The calculation of safety stock inventory levels required to deliver a target customer service fill rate (e.g., a 98% unit fill rate) utilizes standard statistical formulas. These formulas are found in commercial inventory management software such as the SAP and Oracle ERP inventory modules. Returning to the subject of “curriculum balance,” this raises the question: How expert in statistical methods should college graduates entering the full-time SC workforce (and potentially using this software) be?
Let’s add to this question the authors’ observations that in many companies, there are few SC employees who actually know how to calculate a safety stock target using statistics. Those colleagues responsible for managing operational safety stock levels rely on their software to establish actual required levels—after they prescribe the targeted fill rate. This may seem a trivial example, but it illustrates an important philosophical issue that universities must address in establishing their SC curriculum—and it has implications for the level of student interest these programs generate.
For example, an overly academic approach would require that undergraduate and MBA SC majors complete three statistics courses to ensure that students have a deep understanding of these inventory calculations and the theory behind them. An overly real world perspective would propose that students need only have a conceptual understanding of the role of safety stock—because there are software systems to generate these calculations—and because few SC professionals know how to derive safety stock targets themselves. We would suggest the appropriate balance lies between these two extremes. Students should have general knowledge of how to calculate safety stock targets, but they need not have a deep and highly mathematical understanding of safety stock theory.
How can universities ensure their SC curriculum offers the appropriate balance, and at the same time stays current with the evolving field of SC? We close this article with the following recommendations—many of which leading SC programs currently practice.
There must be a strong, ever-present effort by academic programs and faculty to collaborate with private industry practitioners on the content of a SC program’s curriculum.
This collaboration can take many forms, such as:
- An academic SC program with an advisory board composed of SC practitioners who help guide and keep the curriculum current;
- SC professors calling in guest speakers from industry for several of their classes each semester;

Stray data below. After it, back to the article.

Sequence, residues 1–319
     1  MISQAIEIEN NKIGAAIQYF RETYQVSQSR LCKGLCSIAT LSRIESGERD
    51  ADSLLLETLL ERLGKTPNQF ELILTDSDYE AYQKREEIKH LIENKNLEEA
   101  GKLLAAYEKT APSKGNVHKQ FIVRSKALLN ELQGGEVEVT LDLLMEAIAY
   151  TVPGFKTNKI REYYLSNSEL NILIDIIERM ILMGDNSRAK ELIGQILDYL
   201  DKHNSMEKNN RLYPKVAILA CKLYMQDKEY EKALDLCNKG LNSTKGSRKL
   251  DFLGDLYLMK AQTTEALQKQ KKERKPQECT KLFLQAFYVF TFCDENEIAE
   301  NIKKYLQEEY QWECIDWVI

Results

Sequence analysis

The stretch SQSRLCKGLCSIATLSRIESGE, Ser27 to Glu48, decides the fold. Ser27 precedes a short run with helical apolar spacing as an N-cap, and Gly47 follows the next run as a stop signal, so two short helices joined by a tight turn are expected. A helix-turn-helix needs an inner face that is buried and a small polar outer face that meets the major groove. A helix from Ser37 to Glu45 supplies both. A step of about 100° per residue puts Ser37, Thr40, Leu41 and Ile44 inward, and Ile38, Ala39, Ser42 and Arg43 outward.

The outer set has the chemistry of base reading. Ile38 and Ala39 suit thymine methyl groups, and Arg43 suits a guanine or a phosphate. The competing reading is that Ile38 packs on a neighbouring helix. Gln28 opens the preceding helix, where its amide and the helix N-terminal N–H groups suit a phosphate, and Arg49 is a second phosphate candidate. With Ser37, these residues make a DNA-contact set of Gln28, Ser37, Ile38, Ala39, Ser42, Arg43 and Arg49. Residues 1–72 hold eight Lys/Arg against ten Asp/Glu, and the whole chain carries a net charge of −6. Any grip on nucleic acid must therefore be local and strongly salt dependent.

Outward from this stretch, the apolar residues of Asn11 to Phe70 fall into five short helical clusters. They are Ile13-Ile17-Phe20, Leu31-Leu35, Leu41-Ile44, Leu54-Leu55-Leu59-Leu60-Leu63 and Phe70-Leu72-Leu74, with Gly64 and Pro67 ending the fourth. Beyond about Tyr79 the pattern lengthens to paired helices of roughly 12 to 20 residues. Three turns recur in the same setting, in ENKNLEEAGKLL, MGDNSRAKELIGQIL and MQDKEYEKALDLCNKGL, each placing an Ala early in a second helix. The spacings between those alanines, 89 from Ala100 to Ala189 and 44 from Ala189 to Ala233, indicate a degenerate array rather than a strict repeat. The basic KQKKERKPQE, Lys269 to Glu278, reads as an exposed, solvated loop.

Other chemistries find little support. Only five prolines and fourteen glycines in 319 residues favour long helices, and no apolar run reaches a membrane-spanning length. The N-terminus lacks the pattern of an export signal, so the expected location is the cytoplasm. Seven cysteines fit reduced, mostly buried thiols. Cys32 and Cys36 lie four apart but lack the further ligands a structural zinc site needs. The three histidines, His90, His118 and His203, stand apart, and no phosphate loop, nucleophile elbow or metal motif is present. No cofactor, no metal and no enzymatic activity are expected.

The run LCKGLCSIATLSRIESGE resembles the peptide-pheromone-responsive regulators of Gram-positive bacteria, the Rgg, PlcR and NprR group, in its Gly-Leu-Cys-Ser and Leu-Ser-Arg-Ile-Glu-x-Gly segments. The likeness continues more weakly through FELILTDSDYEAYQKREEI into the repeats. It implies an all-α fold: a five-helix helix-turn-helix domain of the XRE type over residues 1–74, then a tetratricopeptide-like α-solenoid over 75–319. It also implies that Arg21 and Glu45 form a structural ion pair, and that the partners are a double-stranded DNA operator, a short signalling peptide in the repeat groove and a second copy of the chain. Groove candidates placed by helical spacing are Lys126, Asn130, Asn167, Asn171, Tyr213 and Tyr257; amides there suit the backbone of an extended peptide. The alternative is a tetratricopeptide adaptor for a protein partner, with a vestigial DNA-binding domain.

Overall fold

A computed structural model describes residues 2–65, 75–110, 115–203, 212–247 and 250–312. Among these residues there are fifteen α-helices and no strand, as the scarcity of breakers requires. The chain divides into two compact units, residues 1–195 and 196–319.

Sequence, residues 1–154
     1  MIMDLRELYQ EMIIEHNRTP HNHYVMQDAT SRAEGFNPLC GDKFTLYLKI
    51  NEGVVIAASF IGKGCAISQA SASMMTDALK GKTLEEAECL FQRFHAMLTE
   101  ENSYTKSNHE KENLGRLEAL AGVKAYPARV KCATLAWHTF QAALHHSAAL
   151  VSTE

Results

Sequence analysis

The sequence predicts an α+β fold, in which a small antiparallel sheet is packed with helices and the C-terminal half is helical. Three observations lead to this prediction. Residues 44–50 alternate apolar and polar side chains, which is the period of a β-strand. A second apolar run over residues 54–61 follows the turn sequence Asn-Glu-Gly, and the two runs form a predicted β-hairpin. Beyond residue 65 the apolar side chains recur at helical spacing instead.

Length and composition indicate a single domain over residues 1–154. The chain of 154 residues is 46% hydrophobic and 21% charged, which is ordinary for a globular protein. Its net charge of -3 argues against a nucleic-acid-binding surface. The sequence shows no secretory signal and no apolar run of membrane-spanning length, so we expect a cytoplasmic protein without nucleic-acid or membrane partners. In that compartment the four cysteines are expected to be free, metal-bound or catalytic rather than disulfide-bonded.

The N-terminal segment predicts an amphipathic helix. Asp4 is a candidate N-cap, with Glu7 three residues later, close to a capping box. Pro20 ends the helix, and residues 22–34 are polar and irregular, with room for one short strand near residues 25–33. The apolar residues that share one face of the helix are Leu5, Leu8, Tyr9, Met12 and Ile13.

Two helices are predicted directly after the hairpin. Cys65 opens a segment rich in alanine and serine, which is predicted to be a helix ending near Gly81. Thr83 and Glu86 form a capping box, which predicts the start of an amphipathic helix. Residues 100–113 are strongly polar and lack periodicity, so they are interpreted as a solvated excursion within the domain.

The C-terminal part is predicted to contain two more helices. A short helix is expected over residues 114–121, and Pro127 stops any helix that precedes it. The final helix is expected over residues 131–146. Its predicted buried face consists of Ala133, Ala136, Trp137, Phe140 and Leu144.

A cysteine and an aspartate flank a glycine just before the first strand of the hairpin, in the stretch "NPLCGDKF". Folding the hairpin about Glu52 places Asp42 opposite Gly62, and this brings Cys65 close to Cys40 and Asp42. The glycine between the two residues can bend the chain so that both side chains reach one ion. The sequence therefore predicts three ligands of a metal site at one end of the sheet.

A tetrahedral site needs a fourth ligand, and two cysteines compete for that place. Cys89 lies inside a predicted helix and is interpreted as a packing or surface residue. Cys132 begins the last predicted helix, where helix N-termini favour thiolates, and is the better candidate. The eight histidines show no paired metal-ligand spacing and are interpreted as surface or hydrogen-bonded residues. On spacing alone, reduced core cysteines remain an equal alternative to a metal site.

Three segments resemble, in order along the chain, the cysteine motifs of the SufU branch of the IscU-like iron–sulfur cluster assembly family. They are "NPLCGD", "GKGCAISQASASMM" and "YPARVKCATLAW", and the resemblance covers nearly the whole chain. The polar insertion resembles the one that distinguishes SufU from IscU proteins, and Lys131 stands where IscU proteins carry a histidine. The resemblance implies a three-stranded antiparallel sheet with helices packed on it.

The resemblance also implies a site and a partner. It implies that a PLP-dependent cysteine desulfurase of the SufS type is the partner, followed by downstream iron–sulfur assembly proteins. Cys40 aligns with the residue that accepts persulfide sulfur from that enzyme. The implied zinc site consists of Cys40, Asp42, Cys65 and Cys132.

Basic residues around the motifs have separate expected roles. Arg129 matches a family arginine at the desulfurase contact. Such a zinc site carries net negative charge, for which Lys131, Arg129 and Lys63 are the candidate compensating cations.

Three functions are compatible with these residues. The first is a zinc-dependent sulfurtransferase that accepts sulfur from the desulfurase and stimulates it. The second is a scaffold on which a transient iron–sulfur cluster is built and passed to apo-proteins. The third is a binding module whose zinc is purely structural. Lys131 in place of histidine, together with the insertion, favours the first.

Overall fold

- Course content using a mix of textbook material, cases and videos. The Internet abounds with short videos on a myriad of current SC issues, products and capabilities. This includes videos from vendors advertising their SC equipment and services;
- SC programs should encourage the use of adjunct professors from industry whenever possible (e.g., SC practitioners who teach one course);
- SC programs offering more clinical professorships, full-time academic positions filled by ex-industry SC practitioners. These professorships are devoted to teaching and mentoring students, and do not have the traditional research and publishing responsibilities of full-time academics.
Finally, we note that SC professionals in industry can contribute to this process by making themselves and their organizations available to support academic SC programs. This support provides both an overall contribution to the future enhancement of the SC field, and it positions individual firms to have enhanced visibility and access to potential future SC employees for their own firms.
This is an exciting time for professionals in the supply chain management arena. New technologies, changes in the business model and demographic challenges will continue to converge, further raising the visibility of SCM professionals.
Postscript: Ongoing Practitioner
We would be remiss if we didn’t mention the terrific continuing educational opportunities available to practitioners via SCM professional organizations. Entities such as APICS, CSCMP and ISM—to name just a few—offer extensive SCM courses, as well as professional certification. Given the rapidly evolving state of SCM, ongoing education can be a valuable resource to help professionals both stay current and advance in their careers—particularly practitioners in the early to mid-level stages of their SCM careers.
Further, affiliations with professional organizations afford practitioners important networking opportunities that can benefit them throughout their careers.
Ron Giuntini is a consultant and principal of Giuntini & Co., Inc. Tan Miller is director of the Global Supply Chain Management Program at Rider University’s College of Business Administration. Both are members of MH&L’s Editorial Advisory Board and both say they have benefitted greatly from their participation in professional SCM organizations.